I am very pleased to have recorded a CWT with Noam Dworman, mostly about comedy but also music and NYC as well. Noam owns and runs The Comedy Cellar, NYC’s leading comedy club, and he knows most of the major comedians. Here is the audio, video, and transcript. Here is the episode summary: Tyler sat
The post My Conversation with the excellent Noam Dworman appeared first on Marginal REVOLUTION.
I am very pleased to have recorded a CWT with Noam Dworman, mostly about comedy but also music and NYC as well. Noam owns and runs The Comedy Cellar, NYC’s leading comedy club, and he knows most of the major comedians. Here is the audio, video, and transcript. Here is the episode summary:
Tyler sat down at Comedy Cellar with owner Noam Dworman to talk about the ever-changing stand-up comedy scene, including the perfect room temperature for stand-up, whether comedy can still shock us, the effect on YouTube and TikTok, the transformation of jokes into bits, the importance of tight seating, why he doesn’t charge higher prices for his shows, the differences between the LA and NYC scenes, whether good looks are an obstacle to success, the oldest comic act he still finds funny, how comedians have changed since he started running the Comedy Cellar in 2003, and what government regulations drive him crazy. They also talk about how 9/11 got Noam into trouble, his early career in music, the most underrated guitarist, why live music is dead in NYC, and what his plans are for expansion.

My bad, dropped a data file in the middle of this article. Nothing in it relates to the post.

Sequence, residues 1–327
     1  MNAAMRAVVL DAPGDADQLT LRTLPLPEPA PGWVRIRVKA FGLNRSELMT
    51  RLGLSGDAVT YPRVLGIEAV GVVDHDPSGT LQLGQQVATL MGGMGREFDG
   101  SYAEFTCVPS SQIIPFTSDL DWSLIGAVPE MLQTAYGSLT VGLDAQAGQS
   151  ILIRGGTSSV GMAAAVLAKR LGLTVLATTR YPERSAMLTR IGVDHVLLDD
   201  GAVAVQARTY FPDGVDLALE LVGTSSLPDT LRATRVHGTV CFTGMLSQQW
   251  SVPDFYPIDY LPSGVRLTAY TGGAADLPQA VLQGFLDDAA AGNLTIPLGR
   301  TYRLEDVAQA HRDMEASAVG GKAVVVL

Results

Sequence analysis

Here is one excerpt:
COWEN: If you do stand-up comedy for decades at a high level — not the Louis C.K. and Chris Rock level, but you’re successful and appear in your club all the time — how does that change a person? But not so famous that everyone on the street knows who they are.
DWORMAN: How does doing stand-up comedy change a person?
COWEN: For 25 years, yes.
DWORMAN: Well, first of all, it makes it harder for them to socialize. I hear this story all the time about comedians when they go to Thanksgiving dinner with their family, and all of a sudden, the entire place gets silent. Like, “Did he just say . . .” Because you get used to being in an atmosphere where you could say whatever you want.
I think probably, because I know this in my life — and again, getting used to essentially being your own boss, you get used to that. Then it just becomes very, very hard to ever consider going back into the structured life that most people expect is going to be their lives from the time they’re in school — 9:00 to 5:00, whatever it is. At some point, I think, if you do it for too long, you would probably kill yourself rather than go back.
I’ve had that thought myself. If I had to go back to . . . I never practiced law, but if I had to take a job as a lawyer — and I’m not just saying this to be dramatic — I think I might kill myself. I can’t even imagine, at my age, having to start going to work at nine o’clock, having a boss, having to answer for mistakes that I made, having the pressure of having to get it right, otherwise somebody’s life is impacted. I just got too used to being able to do what I want when I want to do it.
Comedians have to get gigs, but essentially, they can do what they want when they want to do it. They don’t have to get up in the morning, and I think, at some point, you just become so used to that, there’s no going back.
Recommended, interesting throughout.
Current Affairs, Education, Media, Music, Philosophy, The Arts, Uncategorized